A message that was clear at last year’s Youth Panel was repeated in 2022: Youth want to be heard. The difference is young people have had one more year dealing with the pandemic, another year to discover the shortcomings in mental health support and see adults in their lives become more and more exhausted.
Six young people from area high schools and the University of Toronto Mississauga, talked about managing school, wellness, and their ideas for change on May 11. Their panel was moderated by Dr. Dillon Browne of the Department of Psychology at the University of Waterloo. Dr. Browne is also Canada Research Chair in Child and Family Clinical Psychology.
Dr. Browne took information from the Youth Panel to create a follow-up workshop for parents, guardians, and other caregivers on May 18. It is part of a mental health series called “Supporting resilience in youth and families during and after the pandemic.”
He opened the session saying, “If I were to have another title for this talk, it would be something like “the importance of listening in families.”
“We really are not experts of anyone else’s experience. In order to understand the experience of the people we love, we must listen.”
Hear his suggested strategies for caregivers and families to support youth through their mental health challenges. The webinar is abbreviated to an hour.
What are kids saying?
Grade 9 student Anjali is looking forward to learning how to drive and a graduation ceremony (finally). Like Grade 12 student Merna, she keeps busy at school and finds peace in a highly organized day. The two young women, from different schools in Erin Mills, served last month on a youth panel moderated by Dr. Dillon Browne, a researcher and clinical psychologist from the University of Waterloo. Youth answered questions about finding balance in life and what their futures hold.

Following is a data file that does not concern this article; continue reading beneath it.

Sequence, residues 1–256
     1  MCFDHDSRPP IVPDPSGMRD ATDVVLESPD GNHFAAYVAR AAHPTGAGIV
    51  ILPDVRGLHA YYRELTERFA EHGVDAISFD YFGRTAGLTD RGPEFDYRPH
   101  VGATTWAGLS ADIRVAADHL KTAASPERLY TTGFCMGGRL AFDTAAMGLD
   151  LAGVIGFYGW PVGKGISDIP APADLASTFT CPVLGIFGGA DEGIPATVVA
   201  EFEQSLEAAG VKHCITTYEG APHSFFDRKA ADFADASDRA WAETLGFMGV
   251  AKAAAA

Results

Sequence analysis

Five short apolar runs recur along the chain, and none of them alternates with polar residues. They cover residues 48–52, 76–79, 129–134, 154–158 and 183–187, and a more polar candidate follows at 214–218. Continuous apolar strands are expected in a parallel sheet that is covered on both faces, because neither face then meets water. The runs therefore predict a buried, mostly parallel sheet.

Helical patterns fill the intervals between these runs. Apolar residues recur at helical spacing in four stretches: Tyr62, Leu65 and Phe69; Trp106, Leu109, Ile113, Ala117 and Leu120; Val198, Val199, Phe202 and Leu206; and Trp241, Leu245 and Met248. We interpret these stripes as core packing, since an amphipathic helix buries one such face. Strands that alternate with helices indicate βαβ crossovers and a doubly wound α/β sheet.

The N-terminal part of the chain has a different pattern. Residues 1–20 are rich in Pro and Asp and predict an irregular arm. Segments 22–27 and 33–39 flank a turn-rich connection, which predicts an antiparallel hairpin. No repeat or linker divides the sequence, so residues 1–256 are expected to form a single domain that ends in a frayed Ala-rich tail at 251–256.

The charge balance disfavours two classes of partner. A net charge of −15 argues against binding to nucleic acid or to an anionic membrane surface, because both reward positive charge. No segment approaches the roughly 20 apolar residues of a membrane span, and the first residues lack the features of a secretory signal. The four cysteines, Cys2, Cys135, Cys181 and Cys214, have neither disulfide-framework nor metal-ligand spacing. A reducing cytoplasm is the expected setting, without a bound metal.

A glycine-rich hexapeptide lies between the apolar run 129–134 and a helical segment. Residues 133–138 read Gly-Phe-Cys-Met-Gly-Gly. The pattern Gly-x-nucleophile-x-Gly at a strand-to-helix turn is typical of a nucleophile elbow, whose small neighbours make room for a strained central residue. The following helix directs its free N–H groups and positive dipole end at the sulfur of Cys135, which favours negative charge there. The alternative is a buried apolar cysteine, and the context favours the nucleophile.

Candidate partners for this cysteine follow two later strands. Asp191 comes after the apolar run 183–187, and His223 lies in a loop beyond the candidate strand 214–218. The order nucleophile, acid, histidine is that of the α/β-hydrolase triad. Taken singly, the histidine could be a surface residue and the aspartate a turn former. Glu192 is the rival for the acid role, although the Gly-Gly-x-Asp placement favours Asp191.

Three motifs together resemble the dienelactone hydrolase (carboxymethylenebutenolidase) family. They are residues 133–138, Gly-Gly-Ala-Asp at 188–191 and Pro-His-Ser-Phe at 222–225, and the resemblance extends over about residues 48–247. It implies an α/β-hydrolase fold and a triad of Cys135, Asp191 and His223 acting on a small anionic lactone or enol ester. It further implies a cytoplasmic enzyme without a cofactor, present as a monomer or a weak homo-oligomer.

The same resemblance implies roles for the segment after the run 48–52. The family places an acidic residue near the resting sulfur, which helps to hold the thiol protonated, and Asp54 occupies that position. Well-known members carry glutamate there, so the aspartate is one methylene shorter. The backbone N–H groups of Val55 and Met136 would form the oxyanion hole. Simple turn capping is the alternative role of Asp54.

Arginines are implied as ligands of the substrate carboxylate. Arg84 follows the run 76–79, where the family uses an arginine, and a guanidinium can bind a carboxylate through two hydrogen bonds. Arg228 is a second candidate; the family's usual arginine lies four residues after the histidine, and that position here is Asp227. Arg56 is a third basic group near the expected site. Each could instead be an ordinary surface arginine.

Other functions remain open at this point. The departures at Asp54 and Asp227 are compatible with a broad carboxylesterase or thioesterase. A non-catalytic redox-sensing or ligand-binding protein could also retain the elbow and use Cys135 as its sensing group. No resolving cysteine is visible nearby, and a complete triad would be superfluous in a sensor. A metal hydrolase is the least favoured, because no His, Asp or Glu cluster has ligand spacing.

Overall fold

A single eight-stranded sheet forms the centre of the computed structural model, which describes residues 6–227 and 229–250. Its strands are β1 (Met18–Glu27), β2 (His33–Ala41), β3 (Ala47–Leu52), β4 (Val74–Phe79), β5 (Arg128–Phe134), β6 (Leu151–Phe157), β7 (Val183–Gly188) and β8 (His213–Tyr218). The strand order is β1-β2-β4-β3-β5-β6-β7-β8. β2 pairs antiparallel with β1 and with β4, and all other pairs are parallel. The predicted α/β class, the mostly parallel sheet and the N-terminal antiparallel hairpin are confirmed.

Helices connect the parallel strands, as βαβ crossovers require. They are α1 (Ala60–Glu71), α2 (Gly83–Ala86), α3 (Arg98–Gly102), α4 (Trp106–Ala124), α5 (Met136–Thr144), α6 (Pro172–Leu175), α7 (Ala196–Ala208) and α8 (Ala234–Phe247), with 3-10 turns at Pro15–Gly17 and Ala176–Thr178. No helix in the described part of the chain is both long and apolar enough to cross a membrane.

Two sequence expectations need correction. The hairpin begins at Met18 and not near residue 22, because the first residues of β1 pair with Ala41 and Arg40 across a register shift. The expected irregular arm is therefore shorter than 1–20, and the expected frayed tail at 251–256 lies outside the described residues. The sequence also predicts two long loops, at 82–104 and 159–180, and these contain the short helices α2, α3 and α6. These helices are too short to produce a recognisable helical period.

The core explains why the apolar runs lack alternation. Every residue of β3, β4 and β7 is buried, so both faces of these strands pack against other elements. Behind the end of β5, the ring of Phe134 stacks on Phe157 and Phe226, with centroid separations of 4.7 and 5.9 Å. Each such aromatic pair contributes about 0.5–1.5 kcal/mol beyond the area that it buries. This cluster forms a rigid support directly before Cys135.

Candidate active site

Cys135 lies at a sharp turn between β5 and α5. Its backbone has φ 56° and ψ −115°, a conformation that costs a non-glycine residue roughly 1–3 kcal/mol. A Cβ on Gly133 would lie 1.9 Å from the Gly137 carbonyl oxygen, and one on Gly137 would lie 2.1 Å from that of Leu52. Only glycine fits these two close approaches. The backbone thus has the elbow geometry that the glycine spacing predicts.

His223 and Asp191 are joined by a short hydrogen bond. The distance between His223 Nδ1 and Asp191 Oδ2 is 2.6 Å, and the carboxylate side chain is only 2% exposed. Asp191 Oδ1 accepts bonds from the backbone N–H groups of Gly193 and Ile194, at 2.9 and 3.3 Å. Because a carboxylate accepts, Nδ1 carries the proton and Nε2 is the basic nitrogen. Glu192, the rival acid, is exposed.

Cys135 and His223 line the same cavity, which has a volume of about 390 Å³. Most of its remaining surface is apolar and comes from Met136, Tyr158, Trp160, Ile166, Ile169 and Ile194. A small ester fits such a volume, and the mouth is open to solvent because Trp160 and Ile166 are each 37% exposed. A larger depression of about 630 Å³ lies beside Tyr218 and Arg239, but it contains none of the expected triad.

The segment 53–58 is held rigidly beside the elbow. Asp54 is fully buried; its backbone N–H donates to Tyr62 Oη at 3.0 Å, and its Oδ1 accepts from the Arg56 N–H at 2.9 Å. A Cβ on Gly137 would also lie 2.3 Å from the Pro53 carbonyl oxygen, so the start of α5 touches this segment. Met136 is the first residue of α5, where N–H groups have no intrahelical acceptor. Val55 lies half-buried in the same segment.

Most striking were students’ answers about how the community can help young people. They spoke of how mental health supports aren’t keeping up. One Grade 12 student, Anita, suggested there is a lack of education: “I think a really big way to support a lot of our generation is providing…tools for us to be able to identify what we’re struggling with and how to express that to other people.”
Grade 11 student Eric talked about not having enough accessible counselling: “One thing we can do to help youth is try to allocate more funds to public counselling, to public therapy…right now there is a huge backlog.”
They didn’t blame individuals. In fact, many said they were grateful to parents, teachers and other caregivers who listen carefully. Anis, a Grade 12 student, knows the additional roles teachers have in mental health and the cost to their well-being. He added that their “not being able to listen to us as much as before, even to help us as much as before, has definitely impacted…our daily lives.”
Listen to the 48-minute abridged podcast of the webinar held on May 11 with Erin Mills area high school and post-secondary students. It is the first part of a two-week series led by Dr. Browne entitled “Supporting resilience in youth and families during and after the pandemic.”